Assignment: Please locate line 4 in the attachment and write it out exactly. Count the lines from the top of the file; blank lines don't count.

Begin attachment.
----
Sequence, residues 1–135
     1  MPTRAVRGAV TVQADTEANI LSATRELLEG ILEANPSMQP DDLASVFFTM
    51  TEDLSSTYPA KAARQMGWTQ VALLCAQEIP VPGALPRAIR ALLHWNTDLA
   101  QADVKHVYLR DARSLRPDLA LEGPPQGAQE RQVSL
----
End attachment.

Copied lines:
   101  QADVKHVYLR DARSLRPDLA LEGPPQGAQE RQVSL